Among four false negative samples by CNB, two were adenocarcinoma and the other two were squamous cell carcinoma in FNA. In one of the cases of adenocarcinoma, CNB showed infarct. In one of the cases of squamous cell carcinoma, CNB showed necrotizing squamous cells in necrotic background. In the other two false negative CNB, the samples showed normal lung parenchyma.
We assessed the diagnostic performance of the procedures in which both FNA and CNB showed an adequate sample (n = 229). One hundred fifty-seven cases were malignant. The overall sensitivity, specificity, and accuracy were respectively 84.7% (133/157), 100% (72/72), and 89.5% (205/229) for FNA, when atypical cells were classified as benign; 97.5% (153/157), 100% (72/72), and 98.3% (225/229) for FNA when atypical cells were classified as malignant; and 97.5% (153/157), 100% (72/72), and 98.3% (225/229) for CNB (Table 3). The diagnosis of malignancy was significantly higher for CNB than for FNA (p < 0.001). When we included atypical cells in malignancy for FNA, the diagnosis of malignancy was not significantly different between CNB and FNA (p > 0.05). Six cases were FNA class IV (Figure 3), and 127 were FNA class V. The specific cell types in malignancy were classified in 81.5% of the specimens obtained by FNA (128/157), whereas 96.8% were classified in CNB (152/157). The rate of specific cell type determination in malignancy was significantly higher for CNB than for FNA (96.8% vs. 81.5%, p < 0.001).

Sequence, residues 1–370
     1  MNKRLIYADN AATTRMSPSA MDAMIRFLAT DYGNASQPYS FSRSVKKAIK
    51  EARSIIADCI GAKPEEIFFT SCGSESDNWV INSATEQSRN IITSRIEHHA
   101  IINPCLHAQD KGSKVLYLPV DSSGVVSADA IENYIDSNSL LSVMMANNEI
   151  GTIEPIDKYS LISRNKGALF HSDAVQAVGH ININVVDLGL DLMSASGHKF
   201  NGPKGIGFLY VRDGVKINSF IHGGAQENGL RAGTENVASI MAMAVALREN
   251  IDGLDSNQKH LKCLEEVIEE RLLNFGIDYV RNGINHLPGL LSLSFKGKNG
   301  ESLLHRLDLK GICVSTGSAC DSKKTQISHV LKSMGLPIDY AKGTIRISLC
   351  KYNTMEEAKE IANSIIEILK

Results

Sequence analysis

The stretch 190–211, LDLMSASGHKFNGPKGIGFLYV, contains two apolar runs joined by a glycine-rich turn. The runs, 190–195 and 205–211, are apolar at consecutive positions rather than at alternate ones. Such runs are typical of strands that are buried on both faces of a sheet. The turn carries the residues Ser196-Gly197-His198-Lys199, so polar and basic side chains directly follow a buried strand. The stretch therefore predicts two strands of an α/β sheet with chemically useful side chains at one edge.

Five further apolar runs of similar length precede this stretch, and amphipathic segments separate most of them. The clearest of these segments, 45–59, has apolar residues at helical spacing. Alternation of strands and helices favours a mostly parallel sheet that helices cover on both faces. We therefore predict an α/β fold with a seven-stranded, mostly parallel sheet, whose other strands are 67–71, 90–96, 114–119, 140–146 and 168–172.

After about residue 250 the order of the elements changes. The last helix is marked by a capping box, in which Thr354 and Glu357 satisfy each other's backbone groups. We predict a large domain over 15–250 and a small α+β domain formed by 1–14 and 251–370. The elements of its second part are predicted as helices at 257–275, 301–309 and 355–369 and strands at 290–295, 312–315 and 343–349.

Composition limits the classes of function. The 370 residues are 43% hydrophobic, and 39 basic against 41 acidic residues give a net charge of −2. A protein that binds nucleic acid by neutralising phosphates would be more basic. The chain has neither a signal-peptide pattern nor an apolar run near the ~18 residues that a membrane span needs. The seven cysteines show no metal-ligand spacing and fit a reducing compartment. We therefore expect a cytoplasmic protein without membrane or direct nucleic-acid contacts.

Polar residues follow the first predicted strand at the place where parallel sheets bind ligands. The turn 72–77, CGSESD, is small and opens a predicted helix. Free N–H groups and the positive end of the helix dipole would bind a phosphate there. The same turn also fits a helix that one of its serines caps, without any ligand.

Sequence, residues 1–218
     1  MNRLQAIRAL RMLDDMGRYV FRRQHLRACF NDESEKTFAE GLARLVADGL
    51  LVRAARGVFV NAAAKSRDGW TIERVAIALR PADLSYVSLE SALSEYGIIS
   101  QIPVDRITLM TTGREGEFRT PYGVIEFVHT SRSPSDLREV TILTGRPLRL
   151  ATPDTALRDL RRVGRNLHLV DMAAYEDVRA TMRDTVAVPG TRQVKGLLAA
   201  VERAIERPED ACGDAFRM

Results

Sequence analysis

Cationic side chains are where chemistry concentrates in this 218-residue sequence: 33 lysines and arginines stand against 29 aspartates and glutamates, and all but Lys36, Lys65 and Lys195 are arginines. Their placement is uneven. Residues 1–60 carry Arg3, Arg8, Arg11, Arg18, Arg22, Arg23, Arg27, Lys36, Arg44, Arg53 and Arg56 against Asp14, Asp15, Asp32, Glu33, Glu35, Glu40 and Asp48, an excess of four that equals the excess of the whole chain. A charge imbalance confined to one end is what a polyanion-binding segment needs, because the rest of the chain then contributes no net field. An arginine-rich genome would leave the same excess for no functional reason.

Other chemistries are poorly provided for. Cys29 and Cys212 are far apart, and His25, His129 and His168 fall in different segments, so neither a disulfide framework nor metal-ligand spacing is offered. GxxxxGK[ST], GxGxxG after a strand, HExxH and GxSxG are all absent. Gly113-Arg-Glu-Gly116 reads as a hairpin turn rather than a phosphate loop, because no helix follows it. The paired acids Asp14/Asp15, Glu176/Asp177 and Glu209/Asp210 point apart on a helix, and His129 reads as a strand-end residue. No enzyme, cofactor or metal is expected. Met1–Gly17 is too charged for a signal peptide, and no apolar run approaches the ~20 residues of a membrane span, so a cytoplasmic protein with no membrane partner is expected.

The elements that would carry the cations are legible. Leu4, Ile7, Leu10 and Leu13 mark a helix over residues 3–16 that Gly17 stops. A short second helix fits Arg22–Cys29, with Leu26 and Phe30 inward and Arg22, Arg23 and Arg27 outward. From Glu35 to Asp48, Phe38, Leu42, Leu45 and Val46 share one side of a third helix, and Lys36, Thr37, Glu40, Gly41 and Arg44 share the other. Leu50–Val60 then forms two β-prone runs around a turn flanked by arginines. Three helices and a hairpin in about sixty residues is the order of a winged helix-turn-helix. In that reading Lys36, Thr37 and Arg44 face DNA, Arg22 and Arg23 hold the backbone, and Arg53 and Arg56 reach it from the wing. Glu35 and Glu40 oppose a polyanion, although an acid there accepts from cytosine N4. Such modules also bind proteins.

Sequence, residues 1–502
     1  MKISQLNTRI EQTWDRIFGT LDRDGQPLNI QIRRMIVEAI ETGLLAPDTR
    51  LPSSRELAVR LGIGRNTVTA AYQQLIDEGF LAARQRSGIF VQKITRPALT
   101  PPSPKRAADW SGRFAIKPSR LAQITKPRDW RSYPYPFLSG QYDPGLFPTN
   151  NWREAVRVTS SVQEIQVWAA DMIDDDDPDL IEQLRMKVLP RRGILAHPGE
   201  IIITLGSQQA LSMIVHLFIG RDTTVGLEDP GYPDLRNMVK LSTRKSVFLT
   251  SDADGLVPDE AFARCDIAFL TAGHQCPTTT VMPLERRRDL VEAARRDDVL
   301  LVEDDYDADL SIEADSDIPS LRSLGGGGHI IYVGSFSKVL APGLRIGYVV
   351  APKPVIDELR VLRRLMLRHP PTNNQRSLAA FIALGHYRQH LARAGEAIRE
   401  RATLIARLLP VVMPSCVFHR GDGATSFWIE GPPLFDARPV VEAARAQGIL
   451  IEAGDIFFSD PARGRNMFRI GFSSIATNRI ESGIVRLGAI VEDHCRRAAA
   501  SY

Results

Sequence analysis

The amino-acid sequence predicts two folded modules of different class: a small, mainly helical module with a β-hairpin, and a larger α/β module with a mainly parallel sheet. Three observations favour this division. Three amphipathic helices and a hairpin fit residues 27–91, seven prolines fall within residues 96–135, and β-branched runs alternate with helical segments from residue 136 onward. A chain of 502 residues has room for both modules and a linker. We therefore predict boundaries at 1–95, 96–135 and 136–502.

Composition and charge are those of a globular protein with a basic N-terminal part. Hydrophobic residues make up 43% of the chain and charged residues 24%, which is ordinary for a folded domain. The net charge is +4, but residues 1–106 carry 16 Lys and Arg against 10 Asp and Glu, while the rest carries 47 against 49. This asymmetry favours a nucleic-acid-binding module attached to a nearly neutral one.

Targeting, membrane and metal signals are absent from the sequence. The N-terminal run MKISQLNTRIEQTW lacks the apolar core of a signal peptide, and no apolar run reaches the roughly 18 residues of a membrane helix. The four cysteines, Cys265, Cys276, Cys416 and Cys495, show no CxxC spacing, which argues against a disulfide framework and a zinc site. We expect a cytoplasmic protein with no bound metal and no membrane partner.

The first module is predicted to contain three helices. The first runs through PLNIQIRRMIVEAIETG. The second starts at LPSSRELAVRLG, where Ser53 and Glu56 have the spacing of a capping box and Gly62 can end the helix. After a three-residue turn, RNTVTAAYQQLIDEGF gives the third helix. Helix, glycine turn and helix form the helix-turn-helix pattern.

|Result||No. of thoracic lesions
|FNA (atypical cells classified as benign)||FNA (atypical cells classified as malignant)||CNB||FNA (atypical cells classified as benign) + CNB|